Fun with Gleam

This’ll be a short blog post, but Gleam (v0.25.0) is an Erlang OTP language, akin to Elixir (in fact, recently added full compatibility with Elixir packages). It’s been fun so far.

I think the error messages are great and the functional style language is a lot of fun to wrap my brain around. I have had some clerical issues trying to find resources for things as simple as opening files and referencing type variants, but the discord channel has been really helpful.

For reference, opening files is apparently done through an Erlang bridge. First add gleam_erlang to your project:

$ gleam add gleam_erlang

Then use it like so:

import gleam/erlang/file

pub fn main() {
  file.read("./input/two.txt")
}

Thanks to Mark Holmes for assisting me on the Gleam Discord with that tip!

And referencing type constructors, or what look suspiciously like Rust’s Enum variants, after import can be confusing.

If you have a custom type like so:

// src/animal.gleam

// πŸ‘‡ this is a "type"
pub type Move {
  // πŸ‘‡ these are "type constructors"
  Rock
  Paper         
  Scissors
}

And I was trying to reference it elsewhere like this:

import move.{Move}

pub fn main() {
  move.compare(Move.Rock, Move.Paper)
}

You will get an error. That is because types and type constructors both importable at the same level. So you *can* import Move as the umbrella type for Rock, Paper, and Scissors, but if you’re just going to use Rock and Paper, then you can do so like this:

import move.{Rock, Paper}

pub fn main() {
  move.compare(Rock, Paper)
}

The other thing I was hoping for was to be able to destructure function arguments, but alas twas not to be. I had:

list.map(fn(game: List(Move)) {
  let [a, b] = game
  move.compare(a, b)
})

…and I really wanted to be able to get rid of the let statement like so:

list.map(fn([a, b]) {
  move.compare(a, b)
})

Which is unfortunately not currently possible.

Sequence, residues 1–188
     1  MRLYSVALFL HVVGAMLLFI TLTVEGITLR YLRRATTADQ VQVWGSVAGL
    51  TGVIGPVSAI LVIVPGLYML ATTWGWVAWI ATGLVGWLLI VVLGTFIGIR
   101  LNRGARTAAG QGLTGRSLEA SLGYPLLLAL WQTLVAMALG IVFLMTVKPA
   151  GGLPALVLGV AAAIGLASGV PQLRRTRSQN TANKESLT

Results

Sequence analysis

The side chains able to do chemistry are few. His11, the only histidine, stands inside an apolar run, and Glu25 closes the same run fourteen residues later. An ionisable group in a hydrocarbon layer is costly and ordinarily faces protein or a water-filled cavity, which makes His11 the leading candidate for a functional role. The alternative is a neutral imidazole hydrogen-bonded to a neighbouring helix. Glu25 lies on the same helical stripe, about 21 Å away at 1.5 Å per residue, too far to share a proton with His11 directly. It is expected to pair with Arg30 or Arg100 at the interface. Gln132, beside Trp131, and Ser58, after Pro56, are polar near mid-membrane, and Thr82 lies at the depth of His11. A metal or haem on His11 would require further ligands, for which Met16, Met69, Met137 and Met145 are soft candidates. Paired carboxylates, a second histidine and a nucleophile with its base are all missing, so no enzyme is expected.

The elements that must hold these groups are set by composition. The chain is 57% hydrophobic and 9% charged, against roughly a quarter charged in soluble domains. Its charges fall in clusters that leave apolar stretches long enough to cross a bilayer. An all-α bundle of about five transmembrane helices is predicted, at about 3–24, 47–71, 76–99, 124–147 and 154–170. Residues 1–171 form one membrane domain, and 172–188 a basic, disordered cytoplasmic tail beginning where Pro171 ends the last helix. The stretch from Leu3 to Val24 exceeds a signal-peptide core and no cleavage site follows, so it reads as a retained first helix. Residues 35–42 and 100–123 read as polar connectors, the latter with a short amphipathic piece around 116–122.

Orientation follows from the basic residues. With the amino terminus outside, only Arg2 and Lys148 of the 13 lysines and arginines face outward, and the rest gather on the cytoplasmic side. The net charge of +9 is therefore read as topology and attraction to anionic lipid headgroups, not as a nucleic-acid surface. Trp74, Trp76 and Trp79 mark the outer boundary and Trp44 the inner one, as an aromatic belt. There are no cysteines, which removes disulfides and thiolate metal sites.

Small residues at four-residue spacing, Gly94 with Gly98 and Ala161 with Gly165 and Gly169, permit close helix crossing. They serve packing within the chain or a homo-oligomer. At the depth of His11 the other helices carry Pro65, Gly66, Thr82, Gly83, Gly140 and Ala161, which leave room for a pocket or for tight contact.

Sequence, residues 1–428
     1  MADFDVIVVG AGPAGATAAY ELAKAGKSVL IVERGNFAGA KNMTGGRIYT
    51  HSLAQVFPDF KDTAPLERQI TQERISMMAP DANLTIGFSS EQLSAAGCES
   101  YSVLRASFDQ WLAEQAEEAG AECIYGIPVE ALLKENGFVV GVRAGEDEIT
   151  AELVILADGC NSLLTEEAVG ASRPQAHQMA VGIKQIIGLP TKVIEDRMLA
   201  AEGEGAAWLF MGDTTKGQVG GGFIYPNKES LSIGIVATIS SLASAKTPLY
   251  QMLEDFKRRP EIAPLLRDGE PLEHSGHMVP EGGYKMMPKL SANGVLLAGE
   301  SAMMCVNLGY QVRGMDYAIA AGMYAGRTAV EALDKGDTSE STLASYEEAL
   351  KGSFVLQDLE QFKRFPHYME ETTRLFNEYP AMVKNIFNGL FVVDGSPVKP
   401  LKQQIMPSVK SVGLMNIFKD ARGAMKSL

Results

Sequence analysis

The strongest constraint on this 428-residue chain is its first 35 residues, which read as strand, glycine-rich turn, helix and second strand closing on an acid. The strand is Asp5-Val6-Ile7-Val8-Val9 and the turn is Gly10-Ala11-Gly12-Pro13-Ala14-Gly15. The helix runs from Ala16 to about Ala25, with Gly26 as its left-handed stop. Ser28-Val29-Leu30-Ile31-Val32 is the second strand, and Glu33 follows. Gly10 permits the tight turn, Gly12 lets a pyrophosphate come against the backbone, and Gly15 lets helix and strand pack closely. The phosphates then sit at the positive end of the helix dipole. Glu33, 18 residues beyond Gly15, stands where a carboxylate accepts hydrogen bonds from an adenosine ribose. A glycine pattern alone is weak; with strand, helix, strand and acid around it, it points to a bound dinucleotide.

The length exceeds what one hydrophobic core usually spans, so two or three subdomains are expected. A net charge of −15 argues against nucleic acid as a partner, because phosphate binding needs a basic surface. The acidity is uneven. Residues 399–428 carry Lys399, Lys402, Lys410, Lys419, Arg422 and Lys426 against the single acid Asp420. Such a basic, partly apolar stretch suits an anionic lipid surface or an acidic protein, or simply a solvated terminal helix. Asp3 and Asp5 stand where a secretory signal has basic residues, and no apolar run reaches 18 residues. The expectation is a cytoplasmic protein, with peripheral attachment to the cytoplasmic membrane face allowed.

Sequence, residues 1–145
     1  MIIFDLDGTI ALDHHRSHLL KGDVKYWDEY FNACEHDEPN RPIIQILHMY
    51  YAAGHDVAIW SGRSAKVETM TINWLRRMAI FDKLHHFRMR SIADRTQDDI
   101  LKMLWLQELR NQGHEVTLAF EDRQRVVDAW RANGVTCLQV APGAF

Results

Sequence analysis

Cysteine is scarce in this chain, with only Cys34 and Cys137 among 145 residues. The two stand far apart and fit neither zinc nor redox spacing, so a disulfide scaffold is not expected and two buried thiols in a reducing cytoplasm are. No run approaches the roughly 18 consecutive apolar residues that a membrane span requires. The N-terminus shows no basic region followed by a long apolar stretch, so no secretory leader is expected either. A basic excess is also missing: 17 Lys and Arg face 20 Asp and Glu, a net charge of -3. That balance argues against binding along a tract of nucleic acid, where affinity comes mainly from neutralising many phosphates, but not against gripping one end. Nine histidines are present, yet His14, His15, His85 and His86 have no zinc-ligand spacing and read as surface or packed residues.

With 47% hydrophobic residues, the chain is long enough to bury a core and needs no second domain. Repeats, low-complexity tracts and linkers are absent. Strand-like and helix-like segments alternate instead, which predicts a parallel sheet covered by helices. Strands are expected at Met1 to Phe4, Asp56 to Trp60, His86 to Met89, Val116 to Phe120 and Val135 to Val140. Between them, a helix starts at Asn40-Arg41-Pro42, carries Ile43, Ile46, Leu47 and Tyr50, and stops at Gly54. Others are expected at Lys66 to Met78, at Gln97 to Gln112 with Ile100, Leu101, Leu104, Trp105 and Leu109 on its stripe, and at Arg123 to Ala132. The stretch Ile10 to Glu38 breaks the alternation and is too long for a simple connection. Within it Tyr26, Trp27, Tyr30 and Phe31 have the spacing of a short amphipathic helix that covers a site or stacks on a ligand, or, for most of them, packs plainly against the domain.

I would say these are really minor, though. The benefit of using Gleam is that you can depend on types when you want with an Elixir-like paradigm. The error messages are great, at one point reminding me when I was trying to use result.is_ok() that Gleam is not an object oriented language, and that I would probably be better off using Result.is_ok(result).

Pipes are also great. I feel like I’m making Super Mario Maker with all the pipes I’m putting in. For instance, you could write the above Result code like so:

result
|> Result.is_ok()

Gleam is smart enough to use the result of the last computation as the first argument in the next one. But if you want, you can also reference the last result as an underscore in case you need to pass it in to a different positional argument:

100
|> int.random(0, _)

There are a bunch of other cool things about the language but I have to go because my children are hangrily destroying things. Oh! The LSP server and automatic todo annotations are awesome. Okay, gotta go.

Have a terrifying AI generated image:

Stable diffusion prompt: an 8-bit pixel of Mario jumping through silicon motherboard pipes for the hero image of a blog post

PIPES

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